The impeachment of President Trump overview, voting takes place tomorrow

Update on the impeachment vote:

Article 1: Abuse of Power – Not Guilty  with a vote of 52 v. a Guilty vote of 48

Article 2: Obstruction of Congress – Not Guilty with a vote of 53 v. a Guilty vote of 47


President Donald Trump’s impeachment trial is reaching an end in Washington DC as both Democrats and Republicans make their closing arguments to the Senate. The Senate, which is held by a Republican majority, will vote this Wednesday on whether to remove President Trump from office, with a two-thirds majority needed to convict the president. The impeachment began with the accusation that Trump had put Ukrainian President Volodymyr Zelensky under pressure to investigate Joe Biden, a 2020 Democratic election candidate. Trump has further been accused of withholding four hundred million dollars in military aid from Ukraine until the investigation on Biden was announced, prompting Democrats to charge Trump with abuse of power as well as obstruction of Congress.

The act of impeachment in this case simply means the bringing of charges to Congress, not the actual removal of the president. Only two other presidents in history have been impeached: Bill Clinton with charges of perjury and obstruction of justice, and Andrew Johnson in 1868 who was accused of discharging his secretary of war against the will of Congress.

The Senate trial began on January 22, and will continue until the senators vote whether to remove or acquit Trump. Over the last few weeks Democrats from the House of Representatives have presented their argument claiming Trump had abused his power and obstructed Congress. “The big concern constitutionally is that he’s using the power of office to improve his own personal standing,”  says United States History teacher Mr. Staron. Republicans presented their argument refuting these claims soon after over a three-day period. The trial ended on Monday with both sides presenting their closing statements.

The argument the Democrats presented is centered both on the evidence from a whistleblower who reported that Trump had used his power to solicit interference from a foreign country, as well as the transcript of a phone call which the White House released revealing that Trump had urged the Ukrainian president to investigate Joe Biden and his son. A senior official also testified that Trump had made the four hundred million in aid dependent on the investigation of Joe Biden, a claim which Trump has denied.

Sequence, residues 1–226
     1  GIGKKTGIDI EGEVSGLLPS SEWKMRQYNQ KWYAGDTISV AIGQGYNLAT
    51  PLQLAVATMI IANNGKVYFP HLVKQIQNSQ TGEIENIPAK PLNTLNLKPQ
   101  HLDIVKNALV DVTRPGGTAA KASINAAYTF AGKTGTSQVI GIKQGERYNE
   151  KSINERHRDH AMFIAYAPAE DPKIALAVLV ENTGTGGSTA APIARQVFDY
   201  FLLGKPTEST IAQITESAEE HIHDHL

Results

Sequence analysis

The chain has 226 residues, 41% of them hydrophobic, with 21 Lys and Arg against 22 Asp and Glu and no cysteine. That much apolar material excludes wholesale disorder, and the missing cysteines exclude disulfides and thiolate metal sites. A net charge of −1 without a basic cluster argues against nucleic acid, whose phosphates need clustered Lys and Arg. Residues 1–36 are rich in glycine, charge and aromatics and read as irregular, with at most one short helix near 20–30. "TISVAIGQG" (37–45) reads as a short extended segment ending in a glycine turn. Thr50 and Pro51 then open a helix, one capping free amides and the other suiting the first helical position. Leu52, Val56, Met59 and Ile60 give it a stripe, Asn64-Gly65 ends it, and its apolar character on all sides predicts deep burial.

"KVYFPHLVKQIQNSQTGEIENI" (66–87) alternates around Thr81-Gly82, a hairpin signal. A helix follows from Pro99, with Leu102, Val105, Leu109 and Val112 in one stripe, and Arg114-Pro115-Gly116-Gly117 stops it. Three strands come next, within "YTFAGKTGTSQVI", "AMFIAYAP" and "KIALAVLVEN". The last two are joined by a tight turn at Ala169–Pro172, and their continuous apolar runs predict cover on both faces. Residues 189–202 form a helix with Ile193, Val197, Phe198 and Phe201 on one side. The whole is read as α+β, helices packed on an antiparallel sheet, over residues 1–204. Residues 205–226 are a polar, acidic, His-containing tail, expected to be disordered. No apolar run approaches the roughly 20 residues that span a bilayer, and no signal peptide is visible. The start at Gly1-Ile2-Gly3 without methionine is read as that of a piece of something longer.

Republican defense has cited the fact that the US military aid was eventually given to Ukraine, with Trump himself arguing that it is well within his rights to ask Ukraine for help in investigating corruption. “The idea we’ve got with the Bidens [regarding corruption] has been investigated… it’s been proven that the corruption angle is not there,” says United States Government teacher Mr. Hass. Trump’s defense team, however, has also cited that Ukrainian President Zelensky made it clear he felt “no pressure” from Trump to investigate Biden

The Senate has recently made the decision to not call any witnesses to the trial, making it the first impeachment trial in history without witnesses. This is especially relevant as former National Security Advisor John Bolton recently released a manuscript revealing that Trump had ordered him to help in his campaign to pressure Ukraine into finding damaging evidence on the Democrats, making him a key witness to the trial. Bolton also revealed that White House counsel Pat Cipollone was present when President Trump was making the demand. Cipollone is now the leading lawyer in the impeachment defense.

The Senate will soon vote on whether to remove President Trump from office or not, with a two thirds majority needed for him to be convicted. “I don’t see him being removed, with the Republicans holding the majority,” says Hass.  President Trump is expected to give his third State of the Union Address tonight.